Developmental and epileptic encephalopathy, 67
MedGen UID:
1648285
Concept ID:
C4748341
Disease or Syndrome
Developmental and epileptic encephalopathy-67 (DEE67) is characterized by the onset of various types of seizures in the first months of life, although later onset may occur in milder cases. The seizures tend to be resistant to treatment. Affected individuals have global developmental delay with impaired motor and intellectual development, poor or absent speech, movement disorders, and stereotypic or autistic behavior (summary by Chatron et al., 2018). For a general phenotypic description and a discussion of genetic heterogeneity of DEE, see 308350.
Developmental and epileptic encephalopathy 6B
MedGen UID:
1779648
Concept ID:
C5543353
Disease or Syndrome
SCN1A seizure disorders encompass a spectrum that ranges from simple febrile seizures and generalized epilepsy with febrile seizures plus (GEFS+) at the mild end to Dravet syndrome and intractable childhood epilepsy with generalized tonic-clonic seizures (ICE-GTC) at the severe end. Phenotypes with intractable seizures including Dravet syndrome are often associated with cognitive decline. Less commonly observed phenotypes include myoclonic astatic epilepsy (MAE), Lennox-Gastaut syndrome, infantile spasms, epilepsy with focal seizures, and vaccine-related encephalopathy and seizures. The phenotype of SCN1A seizure disorders can vary even within the same family.
Developmental and epileptic encephalopathy 99
MedGen UID:
1794228
Concept ID:
C5562018
Disease or Syndrome
Developmental and epileptic encephalopathy-99 (DEE99) is characterized by onset of seizures in early childhood associated with global developmental delay and severely impaired intellectual development. Other features may include hypotonia, quadriparesis, nystagmus, and apnea. Brain imaging may be normal or show nonspecific and variable abnormalities, including cerebral atrophy and polymicrogyria. The severity is variable; some patients die of refractory status epilepticus (summary by Vetro et al., 2021). For a general phenotypic description and a discussion of genetic heterogeneity of DEE, see 308350.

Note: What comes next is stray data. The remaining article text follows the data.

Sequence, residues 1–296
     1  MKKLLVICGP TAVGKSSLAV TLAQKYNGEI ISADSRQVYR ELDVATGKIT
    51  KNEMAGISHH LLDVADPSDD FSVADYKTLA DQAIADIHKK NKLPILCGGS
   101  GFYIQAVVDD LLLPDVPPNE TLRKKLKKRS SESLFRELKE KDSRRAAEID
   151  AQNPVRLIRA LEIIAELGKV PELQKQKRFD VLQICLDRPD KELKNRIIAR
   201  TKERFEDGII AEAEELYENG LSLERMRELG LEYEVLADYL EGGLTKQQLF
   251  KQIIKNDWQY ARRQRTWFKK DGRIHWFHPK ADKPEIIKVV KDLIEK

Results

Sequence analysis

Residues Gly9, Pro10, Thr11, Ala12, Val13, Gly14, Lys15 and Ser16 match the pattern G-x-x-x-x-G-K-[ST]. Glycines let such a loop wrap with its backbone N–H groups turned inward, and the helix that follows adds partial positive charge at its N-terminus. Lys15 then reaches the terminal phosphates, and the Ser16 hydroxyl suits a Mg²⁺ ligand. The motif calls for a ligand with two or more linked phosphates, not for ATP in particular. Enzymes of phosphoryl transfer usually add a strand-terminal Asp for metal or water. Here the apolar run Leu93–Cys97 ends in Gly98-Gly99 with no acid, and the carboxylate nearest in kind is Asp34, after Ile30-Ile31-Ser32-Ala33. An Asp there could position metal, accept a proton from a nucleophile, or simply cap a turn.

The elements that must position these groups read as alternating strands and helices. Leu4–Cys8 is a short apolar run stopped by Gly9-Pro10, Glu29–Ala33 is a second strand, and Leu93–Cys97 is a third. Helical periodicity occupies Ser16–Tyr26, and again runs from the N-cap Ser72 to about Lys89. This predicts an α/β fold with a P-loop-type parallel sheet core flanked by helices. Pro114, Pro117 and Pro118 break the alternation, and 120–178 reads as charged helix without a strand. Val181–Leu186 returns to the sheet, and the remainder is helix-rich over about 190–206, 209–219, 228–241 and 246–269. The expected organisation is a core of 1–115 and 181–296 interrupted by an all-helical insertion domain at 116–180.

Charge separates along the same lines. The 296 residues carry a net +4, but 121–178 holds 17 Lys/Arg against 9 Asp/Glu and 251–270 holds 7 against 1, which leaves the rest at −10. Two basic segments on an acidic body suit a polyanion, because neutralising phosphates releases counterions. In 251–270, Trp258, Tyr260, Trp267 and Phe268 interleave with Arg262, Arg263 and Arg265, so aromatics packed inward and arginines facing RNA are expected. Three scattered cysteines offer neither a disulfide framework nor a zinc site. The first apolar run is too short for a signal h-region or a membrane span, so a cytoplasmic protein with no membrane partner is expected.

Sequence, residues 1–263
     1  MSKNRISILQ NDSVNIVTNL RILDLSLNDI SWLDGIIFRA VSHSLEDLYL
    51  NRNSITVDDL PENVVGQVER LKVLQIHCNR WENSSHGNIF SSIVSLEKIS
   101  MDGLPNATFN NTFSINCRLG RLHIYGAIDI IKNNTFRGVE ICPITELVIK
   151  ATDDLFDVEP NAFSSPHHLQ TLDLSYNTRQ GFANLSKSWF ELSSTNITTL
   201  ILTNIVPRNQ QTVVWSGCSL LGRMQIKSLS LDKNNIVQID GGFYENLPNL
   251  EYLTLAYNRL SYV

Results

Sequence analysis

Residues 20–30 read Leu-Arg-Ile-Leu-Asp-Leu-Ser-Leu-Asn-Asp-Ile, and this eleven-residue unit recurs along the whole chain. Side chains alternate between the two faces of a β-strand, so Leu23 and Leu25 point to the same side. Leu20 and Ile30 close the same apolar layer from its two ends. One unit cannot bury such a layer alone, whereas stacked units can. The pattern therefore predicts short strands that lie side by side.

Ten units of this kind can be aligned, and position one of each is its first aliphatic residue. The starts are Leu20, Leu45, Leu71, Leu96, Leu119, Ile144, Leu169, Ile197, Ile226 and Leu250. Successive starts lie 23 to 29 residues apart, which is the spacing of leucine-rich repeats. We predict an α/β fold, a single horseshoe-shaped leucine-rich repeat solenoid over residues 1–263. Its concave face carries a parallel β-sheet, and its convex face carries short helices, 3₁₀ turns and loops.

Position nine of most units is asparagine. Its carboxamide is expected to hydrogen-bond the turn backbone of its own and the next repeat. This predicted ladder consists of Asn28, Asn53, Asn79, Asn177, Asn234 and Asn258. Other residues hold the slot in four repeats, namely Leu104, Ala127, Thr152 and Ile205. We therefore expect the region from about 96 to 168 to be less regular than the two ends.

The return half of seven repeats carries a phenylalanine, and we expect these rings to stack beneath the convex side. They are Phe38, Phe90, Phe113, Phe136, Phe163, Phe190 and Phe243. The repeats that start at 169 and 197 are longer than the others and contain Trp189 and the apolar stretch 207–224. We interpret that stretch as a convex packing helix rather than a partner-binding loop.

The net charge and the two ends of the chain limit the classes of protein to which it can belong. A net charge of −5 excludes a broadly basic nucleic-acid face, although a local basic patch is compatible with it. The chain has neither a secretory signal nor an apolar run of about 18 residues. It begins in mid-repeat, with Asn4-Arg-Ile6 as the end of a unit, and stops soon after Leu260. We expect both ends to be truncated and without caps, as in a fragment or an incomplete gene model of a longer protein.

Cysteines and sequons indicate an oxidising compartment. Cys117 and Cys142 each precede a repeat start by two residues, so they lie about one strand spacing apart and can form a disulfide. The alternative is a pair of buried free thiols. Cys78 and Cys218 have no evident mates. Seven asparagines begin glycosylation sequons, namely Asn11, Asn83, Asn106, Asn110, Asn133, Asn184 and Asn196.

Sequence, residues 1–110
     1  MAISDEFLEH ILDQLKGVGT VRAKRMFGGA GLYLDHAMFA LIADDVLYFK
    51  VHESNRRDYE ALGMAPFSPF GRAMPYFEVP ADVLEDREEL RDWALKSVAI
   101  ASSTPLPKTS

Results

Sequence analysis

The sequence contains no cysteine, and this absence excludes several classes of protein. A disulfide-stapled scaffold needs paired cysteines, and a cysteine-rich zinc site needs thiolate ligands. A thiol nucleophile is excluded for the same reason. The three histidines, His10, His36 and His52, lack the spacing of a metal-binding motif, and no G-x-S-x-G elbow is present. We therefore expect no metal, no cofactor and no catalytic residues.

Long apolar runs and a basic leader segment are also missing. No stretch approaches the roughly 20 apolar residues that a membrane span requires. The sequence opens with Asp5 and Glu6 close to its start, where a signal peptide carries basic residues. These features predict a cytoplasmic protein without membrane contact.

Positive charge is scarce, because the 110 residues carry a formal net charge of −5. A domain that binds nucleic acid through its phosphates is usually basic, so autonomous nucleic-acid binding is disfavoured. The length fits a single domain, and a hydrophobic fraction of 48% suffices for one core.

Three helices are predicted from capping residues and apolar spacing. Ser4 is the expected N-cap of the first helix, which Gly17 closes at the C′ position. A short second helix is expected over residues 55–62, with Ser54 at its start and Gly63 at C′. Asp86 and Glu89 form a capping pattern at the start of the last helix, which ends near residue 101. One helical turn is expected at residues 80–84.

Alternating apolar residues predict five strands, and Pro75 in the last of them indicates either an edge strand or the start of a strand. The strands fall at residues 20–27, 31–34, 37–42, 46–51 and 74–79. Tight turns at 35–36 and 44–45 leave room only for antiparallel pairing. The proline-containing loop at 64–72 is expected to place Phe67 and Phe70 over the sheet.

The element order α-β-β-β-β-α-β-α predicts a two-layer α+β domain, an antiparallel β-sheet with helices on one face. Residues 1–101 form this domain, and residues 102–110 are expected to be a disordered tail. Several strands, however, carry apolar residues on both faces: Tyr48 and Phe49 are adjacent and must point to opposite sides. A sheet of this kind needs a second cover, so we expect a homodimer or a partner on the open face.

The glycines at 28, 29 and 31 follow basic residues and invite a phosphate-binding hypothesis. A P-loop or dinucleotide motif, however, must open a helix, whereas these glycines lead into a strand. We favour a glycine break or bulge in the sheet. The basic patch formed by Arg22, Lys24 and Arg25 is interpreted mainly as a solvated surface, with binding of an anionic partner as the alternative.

Developmental and epileptic encephalopathy 109
MedGen UID:
1824036
Concept ID:
C5774263
Disease or Syndrome
Developmental and epileptic encephalopathy-109 (DEE109) is characterized by the onset of various types of seizures in the first months or years of life. Affected individuals show developmental delay before and concurrent with the onset of seizures. Features include impaired intellectual development with poor speech, ataxic gait, coordination problems, and behavioral abnormalities (Manivannan et al., 2022). For a general phenotypic description and a discussion of genetic heterogeneity of DEE, see 308350.

Professional guidelines

PubMed

He Z, Li Y, Zhao X, Li B
Epilepsy Res 2022 Dec;188:107041. Epub 2022 Oct 29 doi: 10.1016/j.eplepsyres.2022.107041. PMID: 36368227
Verrotti A, Soldani C, Laino D, d'Alonzo R, Grosso S
World J Pediatr 2014 May;10(2):108-13. Epub 2014 May 7 doi: 10.1007/s12519-014-0478-9. PMID: 24801229

Recent clinical studies

Etiology

Lagae L, Sullivan J, Knupp K, Laux L, Polster T, Nikanorova M, Devinsky O, Cross JH, Guerrini R, Talwar D, Miller I, Farfel G, Galer BS, Gammaitoni A, Mistry A, Morrison G, Lock M, Agarwal A, Lai WW, Ceulemans B; FAiRE DS Study Group
Lancet 2019 Dec 21;394(10216):2243-2254. Epub 2019 Dec 17 doi: 10.1016/S0140-6736(19)32500-0. PMID: 31862249
Gardella E, Marini C, Trivisano M, Fitzgerald MP, Alber M, Howell KB, Darra F, Siliquini S, Bölsterli BK, Masnada S, Pichiecchio A, Johannesen KM, Jepsen B, Fontana E, Anibaldi G, Russo S, Cogliati F, Montomoli M, Specchio N, Rubboli G, Veggiotti P, Beniczky S, Wolff M, Helbig I, Vigevano F, Scheffer IE, Guerrini R, Møller RS